The Lions pass defense ranks just 27th in the league, but they have intercepted 7 passes. Cornerback Darius Slay is rarely mentioned as a top defensive back, but he is a consistent playmaker and one of the top cover corners in the league. Detroit's safety trio of Glover Quin, Tavon Wilson, and Miles Killebrew make plays all over the field, and are as good as any team has to offer. They have 4 interceptions between them, returning two for touchdowns. The Lions used their first round pick on Florida's Jarrad Davis, and he has paid immediate dividends at middle linebacker. Davis pairs with Tahir Whitehead on the outside to give them two athletic playmakers in pass coverage as well as dangerous blitz threats.
Saints run offense vs. Lions run defense
Mark Ingram had assumed control of the running back position even before Adrian Peterson was traded by the Saints to the Arizona Cardinals earlier this week. Ingram has remained the Saints leading rusher, and has 170 yards on 42 carries so far this season. With the emergence of the rookie Kamara within the offense, Peterson was largely a non-factor in the Saints game planning even in the two weeks prior to being traded.
The injuries at tackle and subsequent player shuffling, along the New Orleans offensive line have seemed to have affected the running game more so than the team's pass protection. The Saints rank 21st in rushing, but Detroit's defense has been stout against the run, ranking 3rd in the league and allowing just 3.3 yards per rush attempt. The loss of Ngata in the middle will likely affect the Lions rush defense more than their pass rush. He was a veteran still capable of taking up multiple blockers, freeing up the linebackers and safeties for containment. Saints guard Larry Warford, a former Lion, is a strong run blocker who should be able to handle Detroit's interior defenders alongside center Max Unger.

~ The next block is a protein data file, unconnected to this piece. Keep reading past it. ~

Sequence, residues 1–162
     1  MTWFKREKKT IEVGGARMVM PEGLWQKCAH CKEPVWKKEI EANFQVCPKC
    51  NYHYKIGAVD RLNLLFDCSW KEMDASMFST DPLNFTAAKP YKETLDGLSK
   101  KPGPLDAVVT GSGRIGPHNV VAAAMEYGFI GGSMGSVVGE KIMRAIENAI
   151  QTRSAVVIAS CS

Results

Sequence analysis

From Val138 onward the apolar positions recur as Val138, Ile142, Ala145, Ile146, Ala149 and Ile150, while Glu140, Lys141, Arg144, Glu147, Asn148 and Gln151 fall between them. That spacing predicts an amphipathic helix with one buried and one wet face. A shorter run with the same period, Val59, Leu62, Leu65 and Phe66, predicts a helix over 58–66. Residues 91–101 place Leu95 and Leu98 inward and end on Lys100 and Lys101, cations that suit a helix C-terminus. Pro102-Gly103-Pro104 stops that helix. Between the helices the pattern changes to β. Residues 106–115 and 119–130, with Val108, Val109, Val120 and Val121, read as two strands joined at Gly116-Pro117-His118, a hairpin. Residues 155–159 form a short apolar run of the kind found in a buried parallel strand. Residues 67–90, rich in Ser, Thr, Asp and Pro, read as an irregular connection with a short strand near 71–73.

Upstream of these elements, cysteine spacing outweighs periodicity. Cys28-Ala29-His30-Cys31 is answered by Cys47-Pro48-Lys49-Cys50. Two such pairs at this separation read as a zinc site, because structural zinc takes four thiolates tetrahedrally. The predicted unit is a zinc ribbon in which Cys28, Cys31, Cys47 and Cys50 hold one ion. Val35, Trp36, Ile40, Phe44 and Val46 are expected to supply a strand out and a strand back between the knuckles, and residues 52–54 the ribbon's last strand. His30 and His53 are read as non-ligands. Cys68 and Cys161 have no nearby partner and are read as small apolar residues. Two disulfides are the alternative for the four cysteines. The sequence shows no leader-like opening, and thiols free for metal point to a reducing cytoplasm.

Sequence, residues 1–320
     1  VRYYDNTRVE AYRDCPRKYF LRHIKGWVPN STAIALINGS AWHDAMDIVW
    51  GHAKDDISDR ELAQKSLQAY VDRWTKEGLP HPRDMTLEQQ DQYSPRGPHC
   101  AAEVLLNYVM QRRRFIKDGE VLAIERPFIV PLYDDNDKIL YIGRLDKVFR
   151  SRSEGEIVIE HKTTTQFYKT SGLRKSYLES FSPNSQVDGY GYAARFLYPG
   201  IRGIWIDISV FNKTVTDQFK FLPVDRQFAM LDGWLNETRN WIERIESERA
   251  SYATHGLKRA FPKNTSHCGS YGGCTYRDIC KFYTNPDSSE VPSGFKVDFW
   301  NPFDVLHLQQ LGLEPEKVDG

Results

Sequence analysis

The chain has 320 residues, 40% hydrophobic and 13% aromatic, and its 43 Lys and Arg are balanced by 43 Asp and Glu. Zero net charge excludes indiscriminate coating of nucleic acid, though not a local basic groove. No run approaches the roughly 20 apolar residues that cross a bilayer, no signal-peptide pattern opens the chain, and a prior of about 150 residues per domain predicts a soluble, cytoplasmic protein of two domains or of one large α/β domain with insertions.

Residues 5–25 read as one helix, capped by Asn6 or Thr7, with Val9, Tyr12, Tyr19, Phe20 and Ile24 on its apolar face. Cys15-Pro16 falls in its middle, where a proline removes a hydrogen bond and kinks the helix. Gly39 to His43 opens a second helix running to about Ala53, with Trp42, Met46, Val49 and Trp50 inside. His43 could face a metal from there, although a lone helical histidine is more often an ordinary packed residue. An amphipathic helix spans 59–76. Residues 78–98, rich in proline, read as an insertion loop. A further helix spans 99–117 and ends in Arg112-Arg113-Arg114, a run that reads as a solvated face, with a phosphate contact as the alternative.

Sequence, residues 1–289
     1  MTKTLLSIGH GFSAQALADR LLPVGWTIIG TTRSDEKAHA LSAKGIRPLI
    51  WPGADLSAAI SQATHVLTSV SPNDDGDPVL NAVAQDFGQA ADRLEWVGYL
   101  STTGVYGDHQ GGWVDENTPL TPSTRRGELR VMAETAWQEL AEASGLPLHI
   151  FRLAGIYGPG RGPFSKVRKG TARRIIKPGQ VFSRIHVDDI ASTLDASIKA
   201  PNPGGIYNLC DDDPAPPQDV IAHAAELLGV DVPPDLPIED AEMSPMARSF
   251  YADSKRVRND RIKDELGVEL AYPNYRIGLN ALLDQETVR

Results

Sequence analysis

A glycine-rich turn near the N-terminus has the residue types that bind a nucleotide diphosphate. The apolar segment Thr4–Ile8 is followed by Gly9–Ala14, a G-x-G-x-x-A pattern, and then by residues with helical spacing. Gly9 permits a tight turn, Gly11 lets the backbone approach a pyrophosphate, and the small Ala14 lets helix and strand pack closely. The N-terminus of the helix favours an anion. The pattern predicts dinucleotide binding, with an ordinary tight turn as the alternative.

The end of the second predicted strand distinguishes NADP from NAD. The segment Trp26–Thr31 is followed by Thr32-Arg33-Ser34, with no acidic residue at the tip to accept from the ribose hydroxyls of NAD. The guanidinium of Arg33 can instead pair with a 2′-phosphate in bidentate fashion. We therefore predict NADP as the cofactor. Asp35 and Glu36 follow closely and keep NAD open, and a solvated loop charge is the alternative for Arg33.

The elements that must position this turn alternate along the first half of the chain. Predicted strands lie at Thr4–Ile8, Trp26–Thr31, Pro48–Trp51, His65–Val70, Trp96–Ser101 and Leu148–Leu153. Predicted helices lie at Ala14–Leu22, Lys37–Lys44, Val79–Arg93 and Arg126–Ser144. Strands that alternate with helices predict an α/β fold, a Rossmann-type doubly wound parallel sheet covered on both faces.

What to Look For
It remains to be seen how much Armstead and Snead play for New Orleans on Sunday, if either play at all. The return of both to the lineup will be a huge jolt to an offense that has been a bit less productive than we are accustomed to seeing. Detroit's 7 interceptions are slightly misleading, since 6 of them came in two games against Atlanta's Matt Ryan and Arizona's Carson Palmer.
The matchup between Michael Thomas and Darius Slay should be entertaining to watch, as will Alvin Kamara versus Lions linebackers Whitehead and Davis. New Orleans should be able to roll up nice passing yardage against the Lions, but Ingram must be able to establish a running game to provide balance. Remember just one year ago, the Lions intercepted Brees 3 times while holding him without a touchdown pass and held the Saints running game under 100 yards in a 28-13 victory.
The Lions defense struggled against a pedestrian Panthers passing attack last week. Look for the Saints complimentary targets to play a big role, particularly if Snead plays, and the New Orleans offense to have it's best passing performance of the young season.
Which player will have the bigger impact on Saints success upon their return from injury?